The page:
FOOL ON THE HILL
A Level of Patience

Level 3's $10 billion plus fiber-optic network is arguably the low-cost provider of wholesale telecommunications services, putting the company in an enviable and highly valuable position. Plus, with yesterday's deal, the company has the backing of three of the world's most famous value investors. It's a scenario that screams of opportunity, but it's so speculative and complex that it demands an investor's patient study of all the facts.

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By Matt Richey (TMF Matt)
July 9, 2002

One of Warren Buffett's well-known quips is, "There are no called strikes in investing." That may be true, but it still smarts when a stock on your watch list takes off like a rocket. For me, the sting came yesterday when shares of Level 3 (Nasdaq: LVLT) jumped 50% on news of an investment by a trio of the world's greatest value investors: Warren Buffett of Berkshire Hathaway, Mason Hawkins of Longleaf Partner Funds, and Bill Miller of Legg Mason Funds. While I'm a bit sore about missing out on the stock's massive move, I'm now all the more interested in boning up on this fascinating new-era telecom carrier. Today, I want to offer a brief overview of the company along with some notes from yesterday's conference call about the new investment.

Level 3 is a telecom service wholesaler, meaning it targets the top 300 users of bandwidth, including the likes of Cable & Wireless (NYSE: CWP), AOL (NYSE: AOL), and AT&T Wireless (NYSE: AWE), all of whom then sell their services on a retail basis to consumers and businesses. Level 3's strategy since the inception of its business plan in late 1997 has been to combine the latest generations of fiber and optical technologies in order to become the low-cost provider of communications services.

This strategy has recently come to fruition with the substantial completion of the company's North American and European network. This network, which was built over 30 months at a cost of $10.9 billion, is optimized for ultra-efficient Internet protocol (IP) packet-switching technology, and is designed to be almost infinitely expandable at low cost because of its unique multi-conduit design. As a result, the Level 3 Network is claimed by the company to be the world's most efficient telecommunications platform. In the April edition of Outstanding Investor Digest, it was suggested that Level 3's marginal cost of adding new capacity is only half that of its closest competitor.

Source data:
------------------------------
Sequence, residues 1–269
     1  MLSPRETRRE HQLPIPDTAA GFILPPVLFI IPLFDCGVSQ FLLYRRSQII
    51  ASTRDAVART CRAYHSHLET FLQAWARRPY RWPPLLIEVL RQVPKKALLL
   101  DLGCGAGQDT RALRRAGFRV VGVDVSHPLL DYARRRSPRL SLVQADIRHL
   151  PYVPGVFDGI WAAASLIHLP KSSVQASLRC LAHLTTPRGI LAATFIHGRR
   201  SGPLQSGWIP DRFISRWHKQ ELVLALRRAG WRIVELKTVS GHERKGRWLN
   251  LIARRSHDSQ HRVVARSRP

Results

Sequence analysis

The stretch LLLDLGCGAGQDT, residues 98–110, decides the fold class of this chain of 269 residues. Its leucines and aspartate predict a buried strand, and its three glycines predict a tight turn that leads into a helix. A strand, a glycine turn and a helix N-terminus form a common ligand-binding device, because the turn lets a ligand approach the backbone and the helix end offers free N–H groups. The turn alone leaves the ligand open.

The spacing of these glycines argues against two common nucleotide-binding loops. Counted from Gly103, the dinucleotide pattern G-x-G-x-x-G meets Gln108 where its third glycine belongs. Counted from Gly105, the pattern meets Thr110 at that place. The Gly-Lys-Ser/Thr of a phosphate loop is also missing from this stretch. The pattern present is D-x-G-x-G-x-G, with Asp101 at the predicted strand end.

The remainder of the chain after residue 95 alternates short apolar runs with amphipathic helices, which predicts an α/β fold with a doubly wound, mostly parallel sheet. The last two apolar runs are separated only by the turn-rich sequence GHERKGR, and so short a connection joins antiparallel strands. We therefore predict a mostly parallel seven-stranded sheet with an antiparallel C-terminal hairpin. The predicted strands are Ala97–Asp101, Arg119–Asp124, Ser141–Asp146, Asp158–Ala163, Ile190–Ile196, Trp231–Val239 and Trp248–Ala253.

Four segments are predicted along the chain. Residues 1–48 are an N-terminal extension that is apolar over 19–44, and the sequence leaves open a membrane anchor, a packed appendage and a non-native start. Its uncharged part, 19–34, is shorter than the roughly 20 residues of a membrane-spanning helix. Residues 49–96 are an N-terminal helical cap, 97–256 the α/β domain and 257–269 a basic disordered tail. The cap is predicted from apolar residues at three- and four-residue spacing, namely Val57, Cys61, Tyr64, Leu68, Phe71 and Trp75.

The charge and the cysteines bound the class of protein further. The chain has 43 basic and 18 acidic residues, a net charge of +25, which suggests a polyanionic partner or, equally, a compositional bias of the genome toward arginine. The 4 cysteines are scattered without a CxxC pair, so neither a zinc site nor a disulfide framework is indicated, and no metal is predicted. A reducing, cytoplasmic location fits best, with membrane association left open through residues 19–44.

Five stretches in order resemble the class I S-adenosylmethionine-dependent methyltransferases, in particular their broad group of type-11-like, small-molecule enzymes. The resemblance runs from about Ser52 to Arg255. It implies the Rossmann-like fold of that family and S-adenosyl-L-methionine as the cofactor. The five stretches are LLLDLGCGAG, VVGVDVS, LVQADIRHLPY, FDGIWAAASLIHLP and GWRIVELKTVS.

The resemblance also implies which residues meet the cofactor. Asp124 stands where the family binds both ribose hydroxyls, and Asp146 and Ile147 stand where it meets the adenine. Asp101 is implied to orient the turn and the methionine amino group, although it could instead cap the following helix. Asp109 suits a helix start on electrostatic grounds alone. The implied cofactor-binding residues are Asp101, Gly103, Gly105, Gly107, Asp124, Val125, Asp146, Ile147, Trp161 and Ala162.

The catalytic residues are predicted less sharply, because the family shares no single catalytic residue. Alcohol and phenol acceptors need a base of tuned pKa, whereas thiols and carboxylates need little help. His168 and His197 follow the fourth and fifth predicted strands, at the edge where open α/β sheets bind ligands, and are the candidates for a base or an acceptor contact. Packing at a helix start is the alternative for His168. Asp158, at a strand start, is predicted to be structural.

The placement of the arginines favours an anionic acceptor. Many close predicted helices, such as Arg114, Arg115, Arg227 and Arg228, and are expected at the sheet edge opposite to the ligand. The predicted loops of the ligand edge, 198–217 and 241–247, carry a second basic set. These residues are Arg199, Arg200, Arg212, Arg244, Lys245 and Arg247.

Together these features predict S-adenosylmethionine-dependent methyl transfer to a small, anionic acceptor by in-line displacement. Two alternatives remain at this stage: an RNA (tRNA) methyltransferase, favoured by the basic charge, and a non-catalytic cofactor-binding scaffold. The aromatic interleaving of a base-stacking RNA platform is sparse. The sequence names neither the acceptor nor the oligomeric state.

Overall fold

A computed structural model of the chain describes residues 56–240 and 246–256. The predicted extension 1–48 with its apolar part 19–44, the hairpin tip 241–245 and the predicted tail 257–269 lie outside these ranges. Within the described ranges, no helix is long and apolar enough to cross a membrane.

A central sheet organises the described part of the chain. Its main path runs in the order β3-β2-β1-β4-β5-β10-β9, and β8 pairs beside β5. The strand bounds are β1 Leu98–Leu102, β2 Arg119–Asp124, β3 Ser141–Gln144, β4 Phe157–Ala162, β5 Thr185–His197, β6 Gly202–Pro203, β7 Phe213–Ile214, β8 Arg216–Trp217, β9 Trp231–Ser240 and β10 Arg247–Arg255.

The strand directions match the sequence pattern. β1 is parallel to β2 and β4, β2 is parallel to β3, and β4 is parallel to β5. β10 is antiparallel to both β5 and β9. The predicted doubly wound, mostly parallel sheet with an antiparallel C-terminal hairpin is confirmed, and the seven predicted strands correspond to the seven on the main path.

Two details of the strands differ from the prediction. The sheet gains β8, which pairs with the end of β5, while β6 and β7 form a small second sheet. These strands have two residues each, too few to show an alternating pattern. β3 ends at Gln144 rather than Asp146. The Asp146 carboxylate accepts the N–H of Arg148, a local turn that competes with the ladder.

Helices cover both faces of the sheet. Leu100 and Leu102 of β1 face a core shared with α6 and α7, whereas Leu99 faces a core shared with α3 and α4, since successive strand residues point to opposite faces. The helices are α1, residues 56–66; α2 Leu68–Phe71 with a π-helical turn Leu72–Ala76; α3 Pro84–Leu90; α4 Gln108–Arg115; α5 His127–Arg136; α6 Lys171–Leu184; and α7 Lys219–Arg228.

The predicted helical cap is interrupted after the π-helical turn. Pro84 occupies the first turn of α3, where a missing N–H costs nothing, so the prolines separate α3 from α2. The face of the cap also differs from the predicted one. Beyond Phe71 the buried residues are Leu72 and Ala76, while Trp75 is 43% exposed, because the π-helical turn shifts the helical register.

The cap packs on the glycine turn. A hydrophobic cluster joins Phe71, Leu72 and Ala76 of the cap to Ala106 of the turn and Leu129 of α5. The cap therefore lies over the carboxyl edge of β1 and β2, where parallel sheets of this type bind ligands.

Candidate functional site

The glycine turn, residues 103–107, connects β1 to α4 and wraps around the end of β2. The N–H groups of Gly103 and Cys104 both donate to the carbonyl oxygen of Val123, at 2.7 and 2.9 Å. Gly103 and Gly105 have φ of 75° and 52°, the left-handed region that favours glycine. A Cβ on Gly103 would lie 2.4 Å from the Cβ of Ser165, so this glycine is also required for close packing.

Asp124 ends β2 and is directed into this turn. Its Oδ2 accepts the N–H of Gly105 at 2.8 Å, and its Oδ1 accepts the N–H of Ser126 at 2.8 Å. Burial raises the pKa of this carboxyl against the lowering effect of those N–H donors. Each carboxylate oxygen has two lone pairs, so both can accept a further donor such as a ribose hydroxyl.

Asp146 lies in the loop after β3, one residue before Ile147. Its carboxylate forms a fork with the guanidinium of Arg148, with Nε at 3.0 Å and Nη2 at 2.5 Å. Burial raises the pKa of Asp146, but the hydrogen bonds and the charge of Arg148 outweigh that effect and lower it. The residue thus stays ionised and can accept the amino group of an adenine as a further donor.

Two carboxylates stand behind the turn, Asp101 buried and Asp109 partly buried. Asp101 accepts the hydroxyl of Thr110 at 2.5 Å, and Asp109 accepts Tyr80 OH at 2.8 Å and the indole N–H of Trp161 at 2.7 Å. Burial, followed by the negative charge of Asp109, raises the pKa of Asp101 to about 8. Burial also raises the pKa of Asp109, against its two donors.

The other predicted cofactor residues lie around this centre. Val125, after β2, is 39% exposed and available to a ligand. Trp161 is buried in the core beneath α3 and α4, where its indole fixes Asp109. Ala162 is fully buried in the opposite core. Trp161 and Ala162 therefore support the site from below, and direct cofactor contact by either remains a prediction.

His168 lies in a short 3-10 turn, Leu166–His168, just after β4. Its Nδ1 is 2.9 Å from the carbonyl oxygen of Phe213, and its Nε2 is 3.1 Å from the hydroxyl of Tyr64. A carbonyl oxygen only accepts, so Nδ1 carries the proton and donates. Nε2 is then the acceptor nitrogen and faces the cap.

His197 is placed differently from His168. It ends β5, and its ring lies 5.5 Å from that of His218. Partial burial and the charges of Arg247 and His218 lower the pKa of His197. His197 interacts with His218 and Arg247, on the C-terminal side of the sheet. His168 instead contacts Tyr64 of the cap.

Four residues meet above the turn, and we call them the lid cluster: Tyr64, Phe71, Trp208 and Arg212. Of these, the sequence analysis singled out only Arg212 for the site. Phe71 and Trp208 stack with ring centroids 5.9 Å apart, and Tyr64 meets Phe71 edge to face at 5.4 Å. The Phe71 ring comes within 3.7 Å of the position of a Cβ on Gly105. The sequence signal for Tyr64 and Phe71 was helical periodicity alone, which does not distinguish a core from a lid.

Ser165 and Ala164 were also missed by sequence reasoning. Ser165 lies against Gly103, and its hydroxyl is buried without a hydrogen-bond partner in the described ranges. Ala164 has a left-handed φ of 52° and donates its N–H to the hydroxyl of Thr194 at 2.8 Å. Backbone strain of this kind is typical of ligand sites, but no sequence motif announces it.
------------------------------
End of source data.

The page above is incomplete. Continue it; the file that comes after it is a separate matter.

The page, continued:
Low-cost leadership and a $10 billion plus barrier to entry combine to form what would appear to be an immense competitive advantage in an industry, telecommunications service, that's vital to society. In addition, Level 3's management team is widely respected and trusted, especially because of Chairman Walter Scott's ties to Berkshire Hathaway (NYSE: BRK.A), where he serves as a director.

But even a great business plan, ingenious engineering, and smart backing haven't kept Level 3 from running into trouble. Over the past two years, the company's financial planning has been thrown out of whack by a weak economy and the loss of dot-com data customers. As a result, the company has generated far less cash than it's spent building out its vast network. With capital expenditures running well in excess of $1 billion per quarter in late 2000 and early 2001, the company's debt ballooned to nearly $8 billion by September 2001.

But once the network was completed late last year, the company was able to reduce debt by $2.1 billion. By the end of March this year, long-term debt was down to $5.9 billion and operational cash burn was down to only $118 million in the first quarter, including all capital expenditures. At that burn rate, the company had nine quarters worth of cash. The company stated in its 10-Q, filed in May, that it believed the cash on hand in March of $1.1 billion, plus $650 million in untapped credit, would be sufficient to fund the company though free cash flow breakeven, or at least for the next 12 months.

That meant, as of March, Level 3 had enough liquidity to survive, but nothing beyond that to pursue any potential acquisitions. And with numerous telecom companies in or on the brink of bankruptcy this year, Level 3 was missing out on a prime opportunity to scoop up assets on the cheap. In an interview with Reuters yesterday, Level 3 CEO Jim Crowe said, "Time is wasting. Acquisitions are like game hunting. It's not enough to have a gun and dry powder. You also need to have some game come by, and that's always problematic." Apparently, Level 3 management has some game in sight, but until yesterday it lacked the necessary financial ammo. That's what led to the deal with Buffett and company.